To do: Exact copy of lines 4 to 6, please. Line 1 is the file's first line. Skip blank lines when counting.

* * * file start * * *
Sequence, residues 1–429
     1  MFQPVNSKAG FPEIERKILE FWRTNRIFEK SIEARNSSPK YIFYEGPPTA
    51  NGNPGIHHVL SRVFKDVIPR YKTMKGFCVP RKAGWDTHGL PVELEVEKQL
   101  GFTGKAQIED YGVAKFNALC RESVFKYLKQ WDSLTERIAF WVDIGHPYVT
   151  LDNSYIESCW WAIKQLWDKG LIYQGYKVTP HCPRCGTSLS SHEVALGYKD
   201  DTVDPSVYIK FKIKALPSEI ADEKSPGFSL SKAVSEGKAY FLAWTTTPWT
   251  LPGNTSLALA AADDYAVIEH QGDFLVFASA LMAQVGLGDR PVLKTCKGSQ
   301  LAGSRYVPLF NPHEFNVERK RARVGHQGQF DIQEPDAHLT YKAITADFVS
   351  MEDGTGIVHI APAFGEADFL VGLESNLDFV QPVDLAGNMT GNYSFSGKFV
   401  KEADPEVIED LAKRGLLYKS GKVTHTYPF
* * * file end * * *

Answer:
   101  GFTGKAQIED YGVAKFNALC RESVFKYLKQ WDSLTERIAF WVDIGHPYVT
   151  LDNSYIESCW WAIKQLWDKG LIYQGYKVTP HCPRCGTSLS SHEVALGYKD
   201  DTVDPSVYIK FKIKALPSEI ADEKSPGFSL SKAVSEGKAY FLAWTTTPWT